Although a national survey hasn’t been carried out since 1948, the literacy rate in Japan is often claimed to be 99%. Realistically, the actual rate is unlikely to be quite as high as claimed, but illiteracy in Japan is still pretty rare – and considering the pervasiveness of text-based communication in the age of mobile phones (especially in Japan, where SMS lost out to mobile email, and LINE is more popular than Facebook), it’s quite possible that actual literacy rates these days are almost as high as claimed.
When reading and writing, Japanese people typically draw from three – and sometimes even four – different writing systems. These are: Hiragana and katakana (collectively known as ‘kana’), kanji (‘Chinese characters’), as well as rōmaji.
Japan first learned how to write by importing China’s writing system many centuries ago, but even by that point, there was already a distinct Japanese language, and while it was awesome to be able to write things down, Chinese characters (kanji) alone couldn’t adequately express the Japanese language – so hiragana and katakana were developed, as purely Japanese characters. Both of these ‘alphabets’ are based on the same system of 48 sounds, and these days their usage is clearly separate, so it’s often assumed that hiragana developed first, and katakana was created from the hiragana – but actually, they were both based on kanji, and evolved in parallel. Surprisingly, within these systems, voiced consonants (the sounds starting with [g], [z], [d] and [b]) and half-voiced consonants ([p]) were originally left to be guessed at, although now a system of dots and dashes altering the applicable characters is used to indicate the correct sound.
Today, hiragana (the rounder characters) is used as the main Japanese script, usually in combination with kanji. Katakana (the sharper script), on the other hand, is a supporting system which is mostly used for foreign words, or to add emphasis, much as we would use italics. But there’s something else interesting about the kana alphabets – over the years, there are a couple of characters in each system which have fallen out of common use. In hiragana and katakana respectively, these are ゐ/ヰ (‘wi’) andゑ/ヱ (‘we’ or ‘ye’). Most Japanese people now struggle to pronounce these sounds, and the pronunciation of several of the characters still in use also seems to have changed over time.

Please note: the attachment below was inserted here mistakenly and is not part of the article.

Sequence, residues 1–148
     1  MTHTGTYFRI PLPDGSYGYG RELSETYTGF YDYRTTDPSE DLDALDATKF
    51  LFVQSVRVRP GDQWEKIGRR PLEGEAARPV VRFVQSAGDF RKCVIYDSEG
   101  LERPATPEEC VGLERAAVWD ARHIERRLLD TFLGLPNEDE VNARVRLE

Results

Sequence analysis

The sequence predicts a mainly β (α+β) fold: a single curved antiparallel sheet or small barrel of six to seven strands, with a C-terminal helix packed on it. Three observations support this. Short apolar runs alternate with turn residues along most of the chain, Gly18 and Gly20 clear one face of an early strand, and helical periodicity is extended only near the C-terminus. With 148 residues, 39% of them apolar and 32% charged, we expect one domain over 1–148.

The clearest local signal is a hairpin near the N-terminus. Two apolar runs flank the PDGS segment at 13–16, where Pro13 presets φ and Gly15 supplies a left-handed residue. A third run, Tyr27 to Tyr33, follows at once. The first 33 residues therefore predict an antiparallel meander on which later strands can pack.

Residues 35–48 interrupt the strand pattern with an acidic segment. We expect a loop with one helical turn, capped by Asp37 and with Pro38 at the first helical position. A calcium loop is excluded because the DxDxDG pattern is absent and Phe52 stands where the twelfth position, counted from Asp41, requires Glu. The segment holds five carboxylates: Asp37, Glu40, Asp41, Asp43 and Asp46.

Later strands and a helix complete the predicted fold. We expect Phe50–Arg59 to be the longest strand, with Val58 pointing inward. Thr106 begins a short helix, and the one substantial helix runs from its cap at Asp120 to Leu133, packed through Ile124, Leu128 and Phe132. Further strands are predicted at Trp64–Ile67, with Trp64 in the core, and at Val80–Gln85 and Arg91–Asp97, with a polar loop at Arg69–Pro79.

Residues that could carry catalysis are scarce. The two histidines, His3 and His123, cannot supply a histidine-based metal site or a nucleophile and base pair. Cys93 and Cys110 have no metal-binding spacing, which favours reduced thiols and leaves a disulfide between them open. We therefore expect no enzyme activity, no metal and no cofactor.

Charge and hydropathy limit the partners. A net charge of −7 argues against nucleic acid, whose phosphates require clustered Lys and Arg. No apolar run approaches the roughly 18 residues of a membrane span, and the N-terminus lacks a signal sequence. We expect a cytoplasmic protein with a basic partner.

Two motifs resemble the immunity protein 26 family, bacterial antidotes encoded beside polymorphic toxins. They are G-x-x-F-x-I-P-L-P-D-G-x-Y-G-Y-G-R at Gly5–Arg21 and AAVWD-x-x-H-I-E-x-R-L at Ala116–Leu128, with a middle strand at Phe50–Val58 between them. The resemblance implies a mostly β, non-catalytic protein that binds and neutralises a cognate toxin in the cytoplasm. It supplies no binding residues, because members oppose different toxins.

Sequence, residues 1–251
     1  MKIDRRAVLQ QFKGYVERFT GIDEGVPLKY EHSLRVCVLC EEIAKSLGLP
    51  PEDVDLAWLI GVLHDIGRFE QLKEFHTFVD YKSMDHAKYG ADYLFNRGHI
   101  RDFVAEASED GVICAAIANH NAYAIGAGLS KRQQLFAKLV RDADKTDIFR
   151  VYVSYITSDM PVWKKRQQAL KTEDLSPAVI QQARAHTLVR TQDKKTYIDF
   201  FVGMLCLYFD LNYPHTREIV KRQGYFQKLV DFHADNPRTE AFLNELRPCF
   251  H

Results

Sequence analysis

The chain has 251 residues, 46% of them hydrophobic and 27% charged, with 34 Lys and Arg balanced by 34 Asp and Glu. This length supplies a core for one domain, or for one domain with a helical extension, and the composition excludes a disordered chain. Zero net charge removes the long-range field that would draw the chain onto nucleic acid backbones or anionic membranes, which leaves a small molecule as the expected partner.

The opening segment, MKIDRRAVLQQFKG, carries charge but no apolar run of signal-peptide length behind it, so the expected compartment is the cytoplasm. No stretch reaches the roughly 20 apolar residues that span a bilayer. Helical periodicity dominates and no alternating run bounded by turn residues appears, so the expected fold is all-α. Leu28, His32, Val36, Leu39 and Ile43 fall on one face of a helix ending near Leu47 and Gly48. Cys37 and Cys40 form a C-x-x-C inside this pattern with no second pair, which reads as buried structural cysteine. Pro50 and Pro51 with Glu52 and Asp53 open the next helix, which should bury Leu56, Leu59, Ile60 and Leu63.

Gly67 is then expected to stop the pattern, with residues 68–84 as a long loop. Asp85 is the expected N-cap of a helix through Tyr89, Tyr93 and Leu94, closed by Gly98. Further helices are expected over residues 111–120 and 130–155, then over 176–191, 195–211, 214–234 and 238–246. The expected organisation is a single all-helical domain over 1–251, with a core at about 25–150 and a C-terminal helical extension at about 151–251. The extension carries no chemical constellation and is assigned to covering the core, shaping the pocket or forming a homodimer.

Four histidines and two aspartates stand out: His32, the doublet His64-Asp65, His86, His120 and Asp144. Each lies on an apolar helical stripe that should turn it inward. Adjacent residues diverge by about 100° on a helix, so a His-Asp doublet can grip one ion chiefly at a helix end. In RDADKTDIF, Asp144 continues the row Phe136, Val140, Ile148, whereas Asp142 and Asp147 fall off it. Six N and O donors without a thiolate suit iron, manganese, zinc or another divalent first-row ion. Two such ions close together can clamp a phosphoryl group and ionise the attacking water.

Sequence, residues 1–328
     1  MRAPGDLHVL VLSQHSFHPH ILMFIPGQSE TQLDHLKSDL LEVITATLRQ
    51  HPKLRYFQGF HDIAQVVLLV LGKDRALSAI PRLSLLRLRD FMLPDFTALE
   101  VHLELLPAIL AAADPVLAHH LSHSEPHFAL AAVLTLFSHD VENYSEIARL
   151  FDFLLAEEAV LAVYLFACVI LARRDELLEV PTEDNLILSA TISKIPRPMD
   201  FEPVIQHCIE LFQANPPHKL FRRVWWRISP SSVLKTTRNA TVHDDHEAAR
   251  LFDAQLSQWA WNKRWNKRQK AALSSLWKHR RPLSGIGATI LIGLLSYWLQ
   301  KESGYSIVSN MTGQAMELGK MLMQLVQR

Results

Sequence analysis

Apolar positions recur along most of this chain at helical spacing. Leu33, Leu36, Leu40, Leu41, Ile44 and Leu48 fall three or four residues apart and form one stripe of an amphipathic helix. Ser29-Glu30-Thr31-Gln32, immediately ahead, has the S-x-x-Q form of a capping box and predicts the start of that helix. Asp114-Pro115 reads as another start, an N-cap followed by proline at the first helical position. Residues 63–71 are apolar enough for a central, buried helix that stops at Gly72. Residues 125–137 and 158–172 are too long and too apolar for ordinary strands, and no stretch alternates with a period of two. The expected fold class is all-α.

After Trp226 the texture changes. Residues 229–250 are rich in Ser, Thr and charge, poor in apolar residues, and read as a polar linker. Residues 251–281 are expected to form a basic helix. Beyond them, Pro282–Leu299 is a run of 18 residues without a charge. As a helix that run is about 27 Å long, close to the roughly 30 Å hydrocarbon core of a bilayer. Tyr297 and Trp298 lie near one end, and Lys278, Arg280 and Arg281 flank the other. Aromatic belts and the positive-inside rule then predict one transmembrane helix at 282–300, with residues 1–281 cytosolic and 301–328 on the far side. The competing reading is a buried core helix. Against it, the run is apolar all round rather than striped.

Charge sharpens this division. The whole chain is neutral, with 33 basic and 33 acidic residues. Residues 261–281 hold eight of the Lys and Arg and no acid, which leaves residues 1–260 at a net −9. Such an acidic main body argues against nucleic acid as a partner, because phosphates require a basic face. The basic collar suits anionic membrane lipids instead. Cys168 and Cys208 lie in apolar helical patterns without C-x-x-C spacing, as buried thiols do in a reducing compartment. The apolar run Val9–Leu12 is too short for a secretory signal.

Kanji has also changed since it was first borrowed from China. Most of the kanji in use today are simplified versions of the original characters. Since they’ve been adapted for use with the Japanese language, they also typically have several different sounds associated with each character, which are generally categorised as ‘kun-yomi’ (reading it as it fits into purely Japanese words) and ‘on-yomi’ (reading it based on the sound in Chinese). There are also some readings that fit into neither of these categories, and the words which use them can be very hard to figure out if you don’t already know them. Altogether, there are around 50,000 kanji in Japanese, but the ones needed to be considered literate in Japan are on a list comprised by the government which is known as the ‘jōyō kanji’ (kanji for regular use). This list is revised occasionally, but typically includes around 2,000 characters.
Traditionally, kanji was used by itself for official documents and writing of an intellectual nature, a system known as ‘kanbun’ (classical Chinese). Thus, it was considered the domain of men, and women were expected to stick to kana – 11th century literary classic, ‘The Tale of Genji’ (considered to be the world’s first novel) was written by a woman, and was thus written entirely in kana. These days, hardly anyone actually reads or writes kanbun, and official documents generally use the same scripts as everything else, but Japanese high school students still study kanbun in the Japanese language curriculum – and you thought reading Shakespeare was hard.
Finally, and less commonly than any of the others, is the writing system of rōmaji. Rōmaji means ‘Roman characters’, and it’s a system of writing using the Latin alphabet that you’re reading now. Well, to be more accurate, it loosely includes several different systems of making Japanese words readable in English. Everyone has their own rule preferences, and so far nobody has really been able to agree on a standard system (although the Hepburn system is the most common today), so it’s not unusual for two Japanese people with the exact same name to spell it differently when they need to write it in rōmaji. It’s also the way many Japanese people input Japanese text into a computer, although kana-based keyboards do exist. A rōmaji-based input system will typically accept and convert most known methods of Romanising Japanese text.
Rōmaji is all over the place in modern Japan, but it’s still not used as commonly as the other three writing systems, so a lot of Japanese people still feel less comfortable with it – young Japanese people are more likely to use it casually than those who are older.
With the rōmaji included, that’s a lot to learn just to be able to read and write. But even with just the Japanese scripts, no one learns all of them at the same time. Children’s picture books in Japan are usually written entirely in hiragana, and that’s what they learn to read first – katakana is added later, and kanji is an ongoing process, with about half of the characters they need to know to be considered literate learned after finishing primary school.